Utilising human resources for organisation’s growth

Although managers recognise importance of people factor, only a few use policies effectively

Dr Mirza Abrar Baig March 27, 2017

LAHORE: Recently, the president of a multinational bank revealed that an effective Human Resource (HR) management can place an organisation on the right track. Elaborating, he clarified that with the right people heading the HR function, there can be a radical change in the corporate culture which puts talents to the best advantage.

Human capital development in Pakistan

He added that if this happens then the next step would be to introduce various progressive HR initiatives which would lead a motivated workforce and harmonious industrial relations. However, in reality, the role of HR in most organisations has been rightly labelled as “pathetic”.  While many senior government functionaries agreed that the HR function is critical to the success of an institution, they gave poor ratings with regards to practices and importance being given to the HR department in our organisations.

Case study

An important HR intervention is the talent management scheme which was successfully applied in one of the largest banks in the country recently. As a result, many of its branches converted their losses to huge profits.

Meanwhile, an executive of a private bank confided that during the three-year period, he improved the business of his branch from Rs600 million to Rs4,730 million and increased profitability from Rs10 million to Rs780 million by providing non-monetary incentives and adopting various morale boosting techniques. This had resulted in high motivation from staff members and led to greater customer satisfaction. Separately, in a survey of over 200 managers conducted in local organisations on the theme “What do the employees want most from their jobs”, it was established that what the responders expect most from their jobs are elements of respect, trust and recognition.


Although the senior management does recognise the importance of “people factor” in our organisations, only a few of them have been successful in using HR effectively, which in turn inspires success and translates into a high-performance business strategy. Moreover, many business managers who believe they can decide the HR priorities without a deeper understanding of the relationship between business strategy, organisation and the people will find that their organisation will never become a truly high-performing company. On the other hand, many HR managers are afraid to put the finger on the problem causing trouble because they do not like to disturb the status quo.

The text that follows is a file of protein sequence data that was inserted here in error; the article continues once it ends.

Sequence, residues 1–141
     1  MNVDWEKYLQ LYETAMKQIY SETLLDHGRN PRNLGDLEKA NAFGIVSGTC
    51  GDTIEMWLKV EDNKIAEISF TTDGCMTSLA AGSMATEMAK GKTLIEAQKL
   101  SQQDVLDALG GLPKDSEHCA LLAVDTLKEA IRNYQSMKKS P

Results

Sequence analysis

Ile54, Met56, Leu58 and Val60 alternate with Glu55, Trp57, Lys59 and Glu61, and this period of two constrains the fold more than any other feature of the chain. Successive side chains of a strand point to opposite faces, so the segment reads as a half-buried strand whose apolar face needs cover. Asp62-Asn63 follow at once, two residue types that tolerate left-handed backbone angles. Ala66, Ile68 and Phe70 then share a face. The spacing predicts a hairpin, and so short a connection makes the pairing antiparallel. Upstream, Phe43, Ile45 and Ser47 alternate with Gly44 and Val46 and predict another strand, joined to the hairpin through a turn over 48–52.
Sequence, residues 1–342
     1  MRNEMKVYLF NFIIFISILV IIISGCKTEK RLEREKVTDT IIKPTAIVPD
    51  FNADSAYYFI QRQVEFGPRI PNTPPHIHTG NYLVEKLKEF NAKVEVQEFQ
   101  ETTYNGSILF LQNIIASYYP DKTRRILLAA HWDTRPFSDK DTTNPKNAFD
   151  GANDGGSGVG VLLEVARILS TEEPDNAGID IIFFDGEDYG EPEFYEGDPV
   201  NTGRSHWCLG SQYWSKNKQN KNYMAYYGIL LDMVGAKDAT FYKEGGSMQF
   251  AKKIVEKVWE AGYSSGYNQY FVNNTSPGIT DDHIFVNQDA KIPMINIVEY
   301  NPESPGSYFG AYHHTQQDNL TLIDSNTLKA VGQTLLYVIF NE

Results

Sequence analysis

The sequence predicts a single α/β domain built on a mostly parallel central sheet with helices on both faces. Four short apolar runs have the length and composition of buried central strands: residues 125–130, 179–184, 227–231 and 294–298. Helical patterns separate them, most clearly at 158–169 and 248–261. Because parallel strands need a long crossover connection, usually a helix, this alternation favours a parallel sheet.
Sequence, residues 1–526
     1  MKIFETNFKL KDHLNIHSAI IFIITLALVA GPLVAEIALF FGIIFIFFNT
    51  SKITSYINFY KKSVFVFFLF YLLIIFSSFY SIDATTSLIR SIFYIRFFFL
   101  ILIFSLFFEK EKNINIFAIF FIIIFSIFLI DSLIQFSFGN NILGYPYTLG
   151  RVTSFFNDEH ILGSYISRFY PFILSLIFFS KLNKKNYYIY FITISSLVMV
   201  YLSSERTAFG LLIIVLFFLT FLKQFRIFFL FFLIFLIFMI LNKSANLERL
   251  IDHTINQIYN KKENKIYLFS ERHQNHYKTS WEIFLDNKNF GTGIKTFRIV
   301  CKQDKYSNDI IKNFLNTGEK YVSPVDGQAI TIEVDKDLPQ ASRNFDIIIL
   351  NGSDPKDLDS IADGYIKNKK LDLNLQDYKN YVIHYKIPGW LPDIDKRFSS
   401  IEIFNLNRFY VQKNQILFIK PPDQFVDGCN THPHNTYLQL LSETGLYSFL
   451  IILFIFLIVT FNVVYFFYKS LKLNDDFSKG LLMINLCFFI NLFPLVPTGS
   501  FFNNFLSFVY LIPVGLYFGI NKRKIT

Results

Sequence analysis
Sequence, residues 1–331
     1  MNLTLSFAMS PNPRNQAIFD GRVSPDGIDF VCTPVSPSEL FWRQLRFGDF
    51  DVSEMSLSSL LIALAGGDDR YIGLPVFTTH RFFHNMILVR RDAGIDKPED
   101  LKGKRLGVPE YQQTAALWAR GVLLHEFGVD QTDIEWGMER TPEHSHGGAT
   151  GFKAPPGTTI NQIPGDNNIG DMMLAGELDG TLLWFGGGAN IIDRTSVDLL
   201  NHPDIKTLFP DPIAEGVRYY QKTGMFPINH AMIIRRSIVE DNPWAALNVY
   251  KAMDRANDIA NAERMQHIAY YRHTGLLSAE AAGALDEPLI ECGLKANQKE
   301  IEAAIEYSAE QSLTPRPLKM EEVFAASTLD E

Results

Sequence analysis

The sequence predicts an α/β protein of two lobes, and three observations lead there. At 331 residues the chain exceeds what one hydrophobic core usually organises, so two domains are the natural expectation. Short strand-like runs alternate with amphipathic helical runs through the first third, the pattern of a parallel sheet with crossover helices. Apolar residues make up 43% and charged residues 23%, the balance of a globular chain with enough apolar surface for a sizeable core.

In most Fortune 500 companies, the head of HR is one amongst the top five senior most executives of the organisation. This is something that our organisations lack. Once this is ensured, it will be the key responsibility of HR managers to improve organisational performance by putting people, resources, ideas and technology to its best use.  While the basics of HR functions, such as human resource planning, recruitment, training and employee compensation cannot be ignored, the new agenda needs to be generated to meet specifically the following major challenges:

Employee Engagement: In order to harmonise the workplace, the employee engagement programme needs to be put in place on an urgent basis.  Organisations survive and flourish in a competitive world only when its employees contribute to the best of their abilities.  Engaged employees prove to be invaluable assets as they are fully involved in and enthusiastic about their work and responsibilities. Thus, the HR personnel have to become the key drivers of the program by initiating activities such as opening up communication channels, deploying employees on the right job, providing varieties in jobs and introducing various monetary and non-monetary incentive programs.

‘Developing human resources is a priority’

Employer Branding: In a competitive environment, it is important to retain the image of the organisation as a great place to work in the minds of the current and prospective employees and other key stakeholders, including customers. HR may take the lead to develop such an organisational culture which fosters a sense of belongingness with the company and encourages the employees to share organisation’s goals for success. Building such a brand requires the top management to answer the question “how do we live up to the expectations of our stakeholders”. They need to provide full support to the HR to discharge their responsibility more effectively in order to build employer branding.

Talent Management: Talent is a scarce resource which requires careful planning. The HR personnel can make a major difference in the organisation and contribute significantly to its success through a talent management strategy. When the organisations invest money, resources and energy in nurturing talent and retaining them, they act as the best insurance cover. Development of talent enhances performances in the current positions as well as ensures readiness for transition to the next level. It is the job of the HR to drive the talent strategy.  A rightly managed talent turns out to be a gold mine.  It is inexhaustible and priceless. It will keep supplying wealth and value to the organisation.

The writer is former Senior Executive Vice President & Group Chief, Human Resources & Organisational Development in National Bank of Pakistan


Published in The Express Tribune, March 27th, 2017.

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